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From peace-building work to media work in 5 easy steps

Person reading a newspaper
Media is a critical tool for activist work Photo: / AFSC

The week before Thanksgiving, we traveled to Minneapolis, Minnesota, to the American Anthropological Association's annual meeting to share how we turn findings from our work on peace-building communications into media hits. While we are lucky to work with a whole communications team to make this happen, below are five easy steps that any professional communicator can take to turn her organization's work - whether that's peace-building work, research work, or a little bit of both - into earned media.

Step 1: Set a goal. Regardless of what kind of peace-building work your organization does, it's helpful to set a goal before starting any communications work - including media work. Are you trying to get your name out there as a public scholar? Are you trying to influence a particular public conversation or audience? Are you interested in being called by politicians or journalists as an expert on a given topic? Just like an organization's goals change over time, your goals for your media work might change over time too. Don't start with "What should I say?" - that comes later. Instead, set a goal first.

Step 2: Determine your audience. Once you’ve set your goal, the next step is to figure out who you need to reach in order to meet your goal. For example, are you trying to change public dialogue to help advance your organization's issues? Then you will want to reach influential people writing or speaking on that issue. You will also want to reach large numbers of potentially sympathetic readers who may not be mobilized on this issue yet. Whatever your goal, think about the people who can help you get to where you want to go.

Step 3: Figure out what you can say to move your audience. Now that you know who you are talking to and why, it's time to decide how you want to frame your message, and then what you are actually going to say. To determine your frame, try to figure out where your audience is coming from and then start from there. Once you have an idea about where your audience is coming from, that is, what frame will work for them, then you’ll want to develop messages that advance your goal within the frame you think will work for that specific audience. For example, if your goal is to change a public conversation, and your audience is a set of influencers on that issue, spend some time tracking their public writings to see where they are "at" (e.g., what frames they already use). From there, build messages that persuade them to listen to your organization or take on your perspective on that issue. 

Step 4: Determine where you can reach your audiences. So you’ve got a goal, a few audiences, and things to say to each audience. Whew! Now we’re finally getting to the “media” part of media work. The next step is to figure out the best way to get your message out there to reach your audiences and more importantly, your goal. In today’s media environment there are SO MANY WAYS to get your message out there, so how do you pick? You pick based on your audience: What are they already reading? Where are they already going online? Some places need you to pitch one of their writers or producers who will then write the piece themselves, like your local newspaper. Others enable you to submit your own content, like Medium. And some are a mix – you can pitch an op-ed to an editor, for example, to submit content that you write. Where you choose to spend your time depends on who you want to reach, which again depends on your goal.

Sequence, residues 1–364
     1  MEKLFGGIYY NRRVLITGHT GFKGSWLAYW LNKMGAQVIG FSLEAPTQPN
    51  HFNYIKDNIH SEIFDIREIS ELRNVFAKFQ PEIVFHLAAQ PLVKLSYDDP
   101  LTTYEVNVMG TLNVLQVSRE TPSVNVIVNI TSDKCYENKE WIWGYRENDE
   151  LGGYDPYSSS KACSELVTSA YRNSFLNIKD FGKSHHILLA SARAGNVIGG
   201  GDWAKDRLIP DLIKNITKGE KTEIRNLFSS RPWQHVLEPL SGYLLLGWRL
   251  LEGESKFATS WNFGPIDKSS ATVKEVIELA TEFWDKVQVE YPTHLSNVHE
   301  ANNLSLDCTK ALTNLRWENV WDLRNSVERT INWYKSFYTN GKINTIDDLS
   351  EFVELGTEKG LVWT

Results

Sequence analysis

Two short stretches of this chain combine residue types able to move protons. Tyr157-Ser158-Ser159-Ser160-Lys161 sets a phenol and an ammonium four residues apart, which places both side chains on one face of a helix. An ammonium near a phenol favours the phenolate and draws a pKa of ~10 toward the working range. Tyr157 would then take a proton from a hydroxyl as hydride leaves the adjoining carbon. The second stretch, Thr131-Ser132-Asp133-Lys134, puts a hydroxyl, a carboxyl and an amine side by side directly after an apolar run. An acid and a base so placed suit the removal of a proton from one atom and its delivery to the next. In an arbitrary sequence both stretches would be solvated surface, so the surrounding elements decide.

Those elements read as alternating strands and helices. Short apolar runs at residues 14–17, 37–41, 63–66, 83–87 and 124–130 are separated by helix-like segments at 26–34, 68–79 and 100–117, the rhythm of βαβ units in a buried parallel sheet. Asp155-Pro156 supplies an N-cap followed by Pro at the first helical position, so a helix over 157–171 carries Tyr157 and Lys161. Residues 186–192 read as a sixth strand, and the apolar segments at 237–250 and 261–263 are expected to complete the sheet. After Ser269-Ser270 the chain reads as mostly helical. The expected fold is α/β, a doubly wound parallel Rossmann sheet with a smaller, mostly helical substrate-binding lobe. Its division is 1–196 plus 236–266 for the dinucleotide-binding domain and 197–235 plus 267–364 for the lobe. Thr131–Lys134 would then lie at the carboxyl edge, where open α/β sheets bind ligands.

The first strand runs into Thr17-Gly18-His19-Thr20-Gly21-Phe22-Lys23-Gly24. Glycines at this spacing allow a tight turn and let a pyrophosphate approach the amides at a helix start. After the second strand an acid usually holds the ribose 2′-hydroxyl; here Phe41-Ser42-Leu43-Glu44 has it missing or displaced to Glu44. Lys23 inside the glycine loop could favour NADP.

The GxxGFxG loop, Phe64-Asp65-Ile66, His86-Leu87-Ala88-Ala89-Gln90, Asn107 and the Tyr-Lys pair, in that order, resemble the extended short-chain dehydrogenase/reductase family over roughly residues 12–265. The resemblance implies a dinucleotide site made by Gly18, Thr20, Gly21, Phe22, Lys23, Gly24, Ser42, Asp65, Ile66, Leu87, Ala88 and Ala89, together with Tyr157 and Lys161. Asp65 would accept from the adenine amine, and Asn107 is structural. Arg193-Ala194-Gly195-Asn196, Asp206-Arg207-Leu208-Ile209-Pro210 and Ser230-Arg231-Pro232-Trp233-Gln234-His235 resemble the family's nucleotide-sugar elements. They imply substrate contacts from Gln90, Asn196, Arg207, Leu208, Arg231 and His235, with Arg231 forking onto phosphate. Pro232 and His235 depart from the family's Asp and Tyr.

Step 5: Did it work? Often in media work, more is better. “All publicity is good publicity,” right? That may be true, but we all struggle with limited time and resources. Media work is often secondary to other nonprofit goals, like program work or fundraising. So we want to make sure we’re getting the best returns for our efforts. Here’s where spending a few minutes to evaluate your media work can be really helpful, because you can learn from your media successes and failures to help you spend your time most effectively. It starts by asking a few simple questions as you try out different plans. Ask yourself: Is your message getting through? If so, why do you think it worked? If not, why not? And importantly, do you need to change your goals, audience, or anything else about your media work? Just as in any learning curve, it’s important to step back and evaluate whenever you can, to learn from both your successes and failures.

Easy, right?


Like anything else, this takes practice. Just like most nonprofits don't land a major foundation grant or see huge successes during the first year that they are open, most don't get featured in the New York Times or on NPR their very first time doing media work. Focusing on those marquee outlets - and only those outlets - is a little bit like trying to get a Ford Foundation grant - and only a Ford - during your first year of fundraising. But with time and practice - and especially through learning as you go - nonprofits have the opportunity to use the media to help achieve important goals.

Have a question about communications planning? Interested in learning more? Leave us a note on Facebook or in the comments.

About the Author

AREAS OF EXPERTISE: Communications research | Analytics | Social inequality. Beth leads AFSC’s messaging and opinion research, which she uses to develop evidence-based communications guidance for advocates and citizens to ‘change the narrative’ on war and violence. Prior to AFSC, Beth’s research and professional work focused on health inequality in the Americas.